On the Bay


A blog from Chesapeake Quarterly magazine

Heron and hawk along the shore of the Chesapeake Bay

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An Inclusive Future: Four years on, a project to encourage more students from Puerto Rico to explore the marine sciences is marking its progress.

Wendy Mitman Clarke • January 24, 2022

Patricia N. Vidal Geraldino was in her first year of undergraduate studies at Puerto Rico’s Universidad Ana G. Méndez when an opportunity came along that changed everything. A biology major planning to study pharmacy, she was invited to attend a meeting of Centro TORTUGA (Tropical Oceanography Research Training for Undergraduate Academics).


Brrrrr on the Bay: Warm Chesapeake water and cold winter air makes for some interesting weather.

Wendy Mitman Clarke • January 21, 2022

The overwhelming interest in one of our recent social media posts made us curious about how the Chesapeake Bay interacts with winter weather.


Going With the Flow: Inexpensive tools and data-driven guidance may help oyster farmers optimize production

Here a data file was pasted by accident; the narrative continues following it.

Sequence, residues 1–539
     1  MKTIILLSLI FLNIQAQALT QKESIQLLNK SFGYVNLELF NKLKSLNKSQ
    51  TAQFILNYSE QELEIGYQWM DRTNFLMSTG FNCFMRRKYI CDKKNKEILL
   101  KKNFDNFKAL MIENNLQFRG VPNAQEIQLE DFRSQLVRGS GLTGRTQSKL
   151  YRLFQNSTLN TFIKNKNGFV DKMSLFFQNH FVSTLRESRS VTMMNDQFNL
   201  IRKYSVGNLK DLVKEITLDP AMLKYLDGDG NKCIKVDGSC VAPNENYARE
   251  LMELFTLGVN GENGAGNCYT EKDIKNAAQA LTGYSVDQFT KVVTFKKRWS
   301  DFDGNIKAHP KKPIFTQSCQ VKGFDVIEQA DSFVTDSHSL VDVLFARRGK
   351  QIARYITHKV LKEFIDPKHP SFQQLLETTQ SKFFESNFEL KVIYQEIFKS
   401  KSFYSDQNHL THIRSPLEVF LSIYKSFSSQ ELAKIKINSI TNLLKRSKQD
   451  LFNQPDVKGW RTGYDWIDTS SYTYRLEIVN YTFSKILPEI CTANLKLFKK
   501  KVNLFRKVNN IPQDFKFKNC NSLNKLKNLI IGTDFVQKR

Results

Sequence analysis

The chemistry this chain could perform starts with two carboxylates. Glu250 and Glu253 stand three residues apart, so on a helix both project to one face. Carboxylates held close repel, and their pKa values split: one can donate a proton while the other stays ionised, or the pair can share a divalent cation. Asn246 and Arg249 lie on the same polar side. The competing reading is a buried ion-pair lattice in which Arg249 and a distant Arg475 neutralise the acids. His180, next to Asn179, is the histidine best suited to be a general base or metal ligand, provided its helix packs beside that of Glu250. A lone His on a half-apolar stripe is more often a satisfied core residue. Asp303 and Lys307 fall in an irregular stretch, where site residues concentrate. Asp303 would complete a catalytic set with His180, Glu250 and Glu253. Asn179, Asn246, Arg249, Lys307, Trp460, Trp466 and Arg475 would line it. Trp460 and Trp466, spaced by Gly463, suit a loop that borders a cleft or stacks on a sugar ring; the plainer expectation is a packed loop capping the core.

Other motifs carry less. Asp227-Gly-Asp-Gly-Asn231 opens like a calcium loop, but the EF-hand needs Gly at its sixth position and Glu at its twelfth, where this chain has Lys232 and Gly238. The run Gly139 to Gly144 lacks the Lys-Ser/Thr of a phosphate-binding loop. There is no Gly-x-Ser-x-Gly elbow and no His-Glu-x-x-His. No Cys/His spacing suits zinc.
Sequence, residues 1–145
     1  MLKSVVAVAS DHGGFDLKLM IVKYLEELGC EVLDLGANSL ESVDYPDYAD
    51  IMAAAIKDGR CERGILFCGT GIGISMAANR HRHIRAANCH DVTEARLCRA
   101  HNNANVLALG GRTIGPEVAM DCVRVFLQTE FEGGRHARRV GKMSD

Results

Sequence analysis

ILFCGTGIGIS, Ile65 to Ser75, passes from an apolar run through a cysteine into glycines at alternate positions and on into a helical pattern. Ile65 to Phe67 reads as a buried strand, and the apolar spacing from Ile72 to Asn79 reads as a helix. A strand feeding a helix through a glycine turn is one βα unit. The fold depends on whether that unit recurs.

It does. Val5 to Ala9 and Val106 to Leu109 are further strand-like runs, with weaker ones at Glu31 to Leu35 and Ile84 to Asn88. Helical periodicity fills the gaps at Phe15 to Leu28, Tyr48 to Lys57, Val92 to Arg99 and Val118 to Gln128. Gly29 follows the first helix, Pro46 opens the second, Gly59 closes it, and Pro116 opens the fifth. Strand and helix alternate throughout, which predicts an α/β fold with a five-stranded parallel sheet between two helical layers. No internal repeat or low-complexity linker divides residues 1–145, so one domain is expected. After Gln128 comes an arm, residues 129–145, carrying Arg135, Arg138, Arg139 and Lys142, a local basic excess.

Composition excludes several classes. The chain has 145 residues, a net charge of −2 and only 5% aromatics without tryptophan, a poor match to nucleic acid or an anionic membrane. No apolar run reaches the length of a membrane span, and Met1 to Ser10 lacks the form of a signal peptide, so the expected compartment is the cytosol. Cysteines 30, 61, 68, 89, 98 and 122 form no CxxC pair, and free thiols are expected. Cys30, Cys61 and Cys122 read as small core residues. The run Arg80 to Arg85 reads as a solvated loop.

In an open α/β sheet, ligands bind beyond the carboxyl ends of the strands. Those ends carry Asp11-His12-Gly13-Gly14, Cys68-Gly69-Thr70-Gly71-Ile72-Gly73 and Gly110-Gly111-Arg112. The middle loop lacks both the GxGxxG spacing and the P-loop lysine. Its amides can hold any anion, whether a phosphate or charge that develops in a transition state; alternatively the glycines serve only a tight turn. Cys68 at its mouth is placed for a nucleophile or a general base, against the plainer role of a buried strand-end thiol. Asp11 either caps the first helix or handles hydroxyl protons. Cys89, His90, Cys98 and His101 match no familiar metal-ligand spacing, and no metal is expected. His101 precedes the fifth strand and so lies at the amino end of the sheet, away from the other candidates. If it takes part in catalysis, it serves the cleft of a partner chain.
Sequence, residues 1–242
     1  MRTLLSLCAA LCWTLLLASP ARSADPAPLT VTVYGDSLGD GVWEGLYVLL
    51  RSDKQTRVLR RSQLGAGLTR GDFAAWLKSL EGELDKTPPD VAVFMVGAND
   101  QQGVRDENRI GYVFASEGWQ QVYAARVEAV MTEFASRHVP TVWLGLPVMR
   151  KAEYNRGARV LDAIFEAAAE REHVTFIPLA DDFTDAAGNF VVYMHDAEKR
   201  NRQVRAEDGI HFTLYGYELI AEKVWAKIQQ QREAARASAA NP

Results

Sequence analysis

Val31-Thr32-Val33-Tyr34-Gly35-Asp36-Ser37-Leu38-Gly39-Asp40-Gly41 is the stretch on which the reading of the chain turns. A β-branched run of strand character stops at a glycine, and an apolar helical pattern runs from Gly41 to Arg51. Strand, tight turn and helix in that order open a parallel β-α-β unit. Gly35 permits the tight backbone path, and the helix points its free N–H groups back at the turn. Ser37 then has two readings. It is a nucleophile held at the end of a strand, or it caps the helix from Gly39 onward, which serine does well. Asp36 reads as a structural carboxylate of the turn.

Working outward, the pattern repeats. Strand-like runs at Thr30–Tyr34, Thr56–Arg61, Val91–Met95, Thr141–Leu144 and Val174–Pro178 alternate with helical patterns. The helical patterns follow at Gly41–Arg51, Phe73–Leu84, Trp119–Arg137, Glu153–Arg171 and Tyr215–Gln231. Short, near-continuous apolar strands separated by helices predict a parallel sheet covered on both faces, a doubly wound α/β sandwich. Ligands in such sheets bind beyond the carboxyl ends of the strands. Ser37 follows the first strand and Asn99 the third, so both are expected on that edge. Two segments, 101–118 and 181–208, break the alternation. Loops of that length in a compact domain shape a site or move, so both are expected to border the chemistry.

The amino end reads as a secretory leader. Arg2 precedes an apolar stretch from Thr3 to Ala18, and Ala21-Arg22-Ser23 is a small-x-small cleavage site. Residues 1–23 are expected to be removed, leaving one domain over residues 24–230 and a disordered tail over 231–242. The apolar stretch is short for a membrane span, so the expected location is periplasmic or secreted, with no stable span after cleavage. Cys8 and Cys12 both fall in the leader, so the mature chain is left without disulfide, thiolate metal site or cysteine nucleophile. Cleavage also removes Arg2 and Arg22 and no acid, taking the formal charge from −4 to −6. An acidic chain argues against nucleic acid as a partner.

Wendy Mitman Clarke • December 6, 2021

In its simplest form, growing oysters is a matter of getting baby oysters (spat) on shell, placing them in some kind of containment—whether resting on the bottom or hanging in the water column—and letting them do their bivalve thing, filtering water and growing.


A Ballooning Effort: Maryland bans intentional balloon releases & new campaign offers information about impacts

Wendy Mitman Clarke • November 5, 2021

Thick clouds are brooding on an early October day at Assateague Island on Maryland’s Atlantic coast, but no one in the crew of Maryland Conservation Corps members is paying much attention to the sky; their focus, instead, is on what has fallen out of it.


From Science to Policy: Maryland Sea Grant welcomes three new fellows

Rona Kobell • October 12, 2021

Maryland Sea Grant (MDSG) has welcomed three new science fellows this year who have embedded in state agencies and organizations to better address climate change throughout Maryland.


The Blue Crab: Callinectes Sapidus

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pile of cooked crabs